Sarah and James Bowdoin Day Address: Mary J. Carruthers
Story posted October 26, 2007
"Seeing Twenty-six Sides of a Particular Problem: The Liberal Arts in the Age of Experts"
Bowdoin College's 2007 Sarah and James Bowdoin Day ceremony was held Friday, October 26, 2007, in Morrell Gymnasium. Following is the address by invited speaker Mary J. Carruthers, Erich Maria Remarque Professor of Literature, New York University, and Fellow of All Souls College, University of Oxford.
When Dean Judd and President Mills first invited me speak on this occasion, I did what any decent researcher in any field does these days — I went to the Internet and I found Bowdoin's Web page. There was a quotation from a previous President, William Dewitt Hyde, describing what Bowdoin aspired to give to its students. I'm sure all of you have seen it and perhaps memorized it. It includes the words, "To carry the keys of the world's library in your pocket, And feel its resources behind you in whatever task you undertake."
This thought particularly struck me because my own scholarship over the past 25 years or so has involved studying a set of related historical cultures from late antiquity and the Middle Ages (roughly the fourth through the 14th centuries), which educated their citizens to do exactly that — "to carry the keys of the world's library in [their] pocket[s]." But not pockets in their clothes: rather, mental "pockets," conceived of as virtual containers for all that they had learned, inventoried within their memories in orderly constructions: buildings, trees, roses, ladders and other multi-compartmented structures. Here what one knew was also consciously marked for ready access and retrieval by individually-fashioned cues, a great, accessible mental library whose keys opened the particular compartments within which the various matters were stored which one might need in speaking and writing, in thinking itself. In the fourth century, St. Jerome wrote of a talented young man that "by constant reading and [continual] meditation," he had made his mind into a library.
A century or so later the Roman scholar Cassiodorus described a blind Greek student named Eusebius, who had come to the monastery at Vivarium in southern Italy at Cassiodorus' invitation. This Eusebius had been blind since childhood, yet he had hidden away in the library of his memory so many authors, so many books, that he could assuredly tell others who were reading in what part of a codex they might find what he had spoken of. Another example known to Cassiodorus was that of the Scriptural expositor, Didymus of Alexandria, a man whose commentaries were renowned for their comprehensiveness and subtlety, yet who had been blind from birth and thus could read only by means of his orderly memory. There are also examples of scholars from the later Middle Ages, including Aquinas, Ockham, Wyclif and Petrarch, whose reading and compositional habits make clear that the goal of making a library of one's memory was by no means dimmed in an age when written books were far more plentiful, at least to scholars.
In ancient Greek mythology, Memory (mnemosyne) was the mother of all the Muses — history, philosophy and natural science, poetry, tragedy and comedy — all had their source and foundation in Memory. Memory and imagination together were the matrix for all creative thought and science, all knowledge and all thinking. Our modern libraries, including the great library that is the Internet today, are prosthetics, external scaffolding and support for our creative minds. But imagine having much of that within you, accessible in your own memory. Another medieval thinker, the 12th-century scholar Hugh of St. Victor, taught his students in Paris how to use their memories and imaginations to create great structures for their thought and study that were based on imagining detailed models of buildings whose dimensions are described in the Bible (such as Noah's Ark). He did this, he said, because no one can be said to have learned something if he cannot recall it securely and immediately. We human beings cannot think without materials with which to think; we cannot invent well without an inventory. That is the fundamental principle of a liberal arts education as traditionally conceived. As in a library today, all knowledge, all science, is related and housed in a single vast but securely inventoried structure, and with that knowledge — available to us all so long as we carry its keys in our mental pockets — we can create new knowledge, new ideas.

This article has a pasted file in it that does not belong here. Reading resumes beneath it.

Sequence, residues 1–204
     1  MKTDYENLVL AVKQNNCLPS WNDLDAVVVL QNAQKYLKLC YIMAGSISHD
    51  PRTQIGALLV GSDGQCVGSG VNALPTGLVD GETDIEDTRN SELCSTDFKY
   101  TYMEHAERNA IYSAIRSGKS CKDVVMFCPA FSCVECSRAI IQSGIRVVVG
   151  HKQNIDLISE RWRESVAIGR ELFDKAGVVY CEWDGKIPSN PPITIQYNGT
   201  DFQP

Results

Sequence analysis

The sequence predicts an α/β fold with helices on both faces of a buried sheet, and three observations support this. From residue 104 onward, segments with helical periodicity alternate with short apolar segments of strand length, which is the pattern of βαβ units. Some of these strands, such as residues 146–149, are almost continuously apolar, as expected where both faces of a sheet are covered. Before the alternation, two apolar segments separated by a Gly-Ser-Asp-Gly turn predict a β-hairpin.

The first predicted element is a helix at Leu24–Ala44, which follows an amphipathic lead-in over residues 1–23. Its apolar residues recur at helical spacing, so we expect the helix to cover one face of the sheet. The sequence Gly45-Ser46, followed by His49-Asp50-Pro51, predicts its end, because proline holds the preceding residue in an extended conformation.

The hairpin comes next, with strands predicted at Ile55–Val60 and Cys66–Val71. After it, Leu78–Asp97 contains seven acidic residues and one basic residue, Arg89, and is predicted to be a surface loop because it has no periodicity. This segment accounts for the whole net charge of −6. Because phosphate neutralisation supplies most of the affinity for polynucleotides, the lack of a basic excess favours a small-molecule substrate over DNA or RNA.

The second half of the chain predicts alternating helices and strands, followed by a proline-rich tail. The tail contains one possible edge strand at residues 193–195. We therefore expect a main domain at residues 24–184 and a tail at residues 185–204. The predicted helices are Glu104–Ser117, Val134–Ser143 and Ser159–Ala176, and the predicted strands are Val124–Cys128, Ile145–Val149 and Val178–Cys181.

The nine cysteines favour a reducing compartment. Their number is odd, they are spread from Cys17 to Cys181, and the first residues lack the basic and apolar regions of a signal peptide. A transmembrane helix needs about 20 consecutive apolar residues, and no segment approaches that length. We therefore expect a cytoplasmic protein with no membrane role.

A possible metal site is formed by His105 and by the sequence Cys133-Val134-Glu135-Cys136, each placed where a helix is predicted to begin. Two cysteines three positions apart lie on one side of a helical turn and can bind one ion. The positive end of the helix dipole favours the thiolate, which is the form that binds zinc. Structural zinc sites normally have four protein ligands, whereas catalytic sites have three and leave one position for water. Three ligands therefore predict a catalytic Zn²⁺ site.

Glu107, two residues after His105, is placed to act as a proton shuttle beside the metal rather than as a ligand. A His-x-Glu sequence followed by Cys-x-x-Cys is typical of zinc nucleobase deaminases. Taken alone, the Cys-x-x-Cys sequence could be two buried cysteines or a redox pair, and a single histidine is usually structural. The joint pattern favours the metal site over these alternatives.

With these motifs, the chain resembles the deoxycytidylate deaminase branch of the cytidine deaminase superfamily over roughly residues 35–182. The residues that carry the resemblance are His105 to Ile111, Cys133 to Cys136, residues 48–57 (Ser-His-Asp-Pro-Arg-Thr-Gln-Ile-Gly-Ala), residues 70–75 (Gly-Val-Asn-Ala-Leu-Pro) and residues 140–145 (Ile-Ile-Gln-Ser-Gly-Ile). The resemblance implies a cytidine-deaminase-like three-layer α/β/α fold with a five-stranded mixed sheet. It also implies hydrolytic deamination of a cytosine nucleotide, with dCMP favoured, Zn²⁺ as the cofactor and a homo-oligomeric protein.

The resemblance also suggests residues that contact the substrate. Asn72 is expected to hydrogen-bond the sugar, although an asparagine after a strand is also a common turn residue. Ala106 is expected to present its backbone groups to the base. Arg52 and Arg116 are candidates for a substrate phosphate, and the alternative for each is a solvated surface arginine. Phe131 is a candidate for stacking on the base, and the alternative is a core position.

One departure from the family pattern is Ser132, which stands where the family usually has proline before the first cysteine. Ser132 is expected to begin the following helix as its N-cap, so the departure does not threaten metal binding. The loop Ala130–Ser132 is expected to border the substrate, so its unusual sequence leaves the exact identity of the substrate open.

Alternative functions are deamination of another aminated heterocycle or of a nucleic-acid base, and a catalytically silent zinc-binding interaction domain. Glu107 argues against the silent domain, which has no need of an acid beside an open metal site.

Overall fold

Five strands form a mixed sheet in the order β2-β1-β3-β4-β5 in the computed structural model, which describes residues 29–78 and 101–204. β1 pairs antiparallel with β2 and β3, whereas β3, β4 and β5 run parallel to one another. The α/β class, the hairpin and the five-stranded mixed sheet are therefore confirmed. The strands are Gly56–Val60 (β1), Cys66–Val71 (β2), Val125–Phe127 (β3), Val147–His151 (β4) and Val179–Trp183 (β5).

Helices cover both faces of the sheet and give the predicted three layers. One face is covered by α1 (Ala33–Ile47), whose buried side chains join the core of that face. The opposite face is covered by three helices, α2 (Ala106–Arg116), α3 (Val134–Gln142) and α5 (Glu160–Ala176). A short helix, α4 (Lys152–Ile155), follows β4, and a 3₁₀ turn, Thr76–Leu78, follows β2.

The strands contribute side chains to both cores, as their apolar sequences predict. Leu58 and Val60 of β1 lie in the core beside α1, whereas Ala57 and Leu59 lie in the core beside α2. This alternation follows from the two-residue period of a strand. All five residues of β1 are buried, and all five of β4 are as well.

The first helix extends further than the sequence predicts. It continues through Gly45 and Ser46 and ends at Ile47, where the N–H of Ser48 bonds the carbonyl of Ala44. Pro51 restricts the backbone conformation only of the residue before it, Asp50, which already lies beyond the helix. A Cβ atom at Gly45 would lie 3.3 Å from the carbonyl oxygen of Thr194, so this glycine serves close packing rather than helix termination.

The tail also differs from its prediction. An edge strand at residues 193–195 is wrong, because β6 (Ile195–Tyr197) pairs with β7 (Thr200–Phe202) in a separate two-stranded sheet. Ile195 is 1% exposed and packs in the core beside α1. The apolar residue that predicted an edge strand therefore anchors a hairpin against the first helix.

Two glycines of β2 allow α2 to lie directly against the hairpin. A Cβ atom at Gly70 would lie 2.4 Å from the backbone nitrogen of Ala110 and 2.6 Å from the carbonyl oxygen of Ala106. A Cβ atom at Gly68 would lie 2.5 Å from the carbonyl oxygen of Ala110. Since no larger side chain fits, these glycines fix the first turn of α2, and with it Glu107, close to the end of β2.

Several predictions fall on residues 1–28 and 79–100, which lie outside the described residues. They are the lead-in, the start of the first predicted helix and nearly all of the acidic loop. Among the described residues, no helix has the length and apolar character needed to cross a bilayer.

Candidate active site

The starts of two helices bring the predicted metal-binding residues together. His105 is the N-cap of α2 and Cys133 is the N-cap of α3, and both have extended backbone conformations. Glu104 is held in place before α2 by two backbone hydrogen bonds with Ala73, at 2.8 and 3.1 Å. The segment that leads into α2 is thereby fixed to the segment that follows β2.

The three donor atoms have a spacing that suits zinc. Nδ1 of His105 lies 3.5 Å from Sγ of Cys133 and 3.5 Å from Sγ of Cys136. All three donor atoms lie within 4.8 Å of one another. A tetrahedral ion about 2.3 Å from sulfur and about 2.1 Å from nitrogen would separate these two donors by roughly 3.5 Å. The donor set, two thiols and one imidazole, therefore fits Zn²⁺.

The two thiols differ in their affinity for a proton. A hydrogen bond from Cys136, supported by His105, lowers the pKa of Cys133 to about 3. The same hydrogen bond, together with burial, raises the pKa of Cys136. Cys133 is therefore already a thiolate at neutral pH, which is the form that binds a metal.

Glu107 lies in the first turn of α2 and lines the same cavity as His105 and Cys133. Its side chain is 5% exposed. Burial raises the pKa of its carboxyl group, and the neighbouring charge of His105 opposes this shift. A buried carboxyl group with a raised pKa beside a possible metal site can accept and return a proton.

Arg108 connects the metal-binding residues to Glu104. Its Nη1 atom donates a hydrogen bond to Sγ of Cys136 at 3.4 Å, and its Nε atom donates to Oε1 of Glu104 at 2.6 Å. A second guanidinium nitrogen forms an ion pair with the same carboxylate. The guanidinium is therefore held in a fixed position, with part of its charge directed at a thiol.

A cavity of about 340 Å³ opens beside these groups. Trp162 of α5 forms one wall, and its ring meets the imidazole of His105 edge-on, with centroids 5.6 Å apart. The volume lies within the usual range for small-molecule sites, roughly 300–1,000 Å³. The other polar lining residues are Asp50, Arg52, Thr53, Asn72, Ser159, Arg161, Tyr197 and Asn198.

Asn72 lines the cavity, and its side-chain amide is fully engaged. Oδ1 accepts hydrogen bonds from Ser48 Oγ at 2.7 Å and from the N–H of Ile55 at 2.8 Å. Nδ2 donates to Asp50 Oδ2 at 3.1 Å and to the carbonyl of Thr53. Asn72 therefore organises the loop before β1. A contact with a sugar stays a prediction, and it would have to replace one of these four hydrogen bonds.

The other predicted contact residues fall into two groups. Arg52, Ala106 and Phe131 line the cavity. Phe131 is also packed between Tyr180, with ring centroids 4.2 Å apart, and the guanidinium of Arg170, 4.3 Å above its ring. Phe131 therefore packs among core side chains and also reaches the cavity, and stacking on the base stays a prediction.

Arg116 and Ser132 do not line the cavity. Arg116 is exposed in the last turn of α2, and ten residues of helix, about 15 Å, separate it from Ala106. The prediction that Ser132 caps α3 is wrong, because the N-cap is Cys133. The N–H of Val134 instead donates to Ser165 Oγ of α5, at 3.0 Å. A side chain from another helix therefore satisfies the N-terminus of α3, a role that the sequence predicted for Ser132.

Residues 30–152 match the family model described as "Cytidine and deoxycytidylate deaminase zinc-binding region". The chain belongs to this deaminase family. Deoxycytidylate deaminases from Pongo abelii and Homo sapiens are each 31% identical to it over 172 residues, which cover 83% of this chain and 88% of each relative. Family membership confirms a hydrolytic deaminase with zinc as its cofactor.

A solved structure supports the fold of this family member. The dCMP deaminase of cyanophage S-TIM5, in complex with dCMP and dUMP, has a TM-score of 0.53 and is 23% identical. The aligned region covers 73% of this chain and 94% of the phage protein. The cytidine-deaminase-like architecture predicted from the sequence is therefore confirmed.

But knowledge alone is not enough. Ancient and medieval writers on the subject of memory stressed as well that a memory library, of the sort I've just described, was fundamental to the virtue of "prudence," the ability to make wise judgments and plan effectively for the future. Memory was also associated with prophetic writing, as in the Book of Ezekiel, whose prophecy consisted in large part of recreating imaginatively from memory the dimensions and layout of the destroyed Temple complex in Jerusalem in order to envision and motivate the future — in his case the return of the Jews from their Captivity in Babylon. Important in such planning efforts is not the accuracy with which something in the past is reproduced, but the act of imaginative, rational recreation itself as a totally sensed and felt experience because it is that which motivates and provides the materials for our intelligent judgments.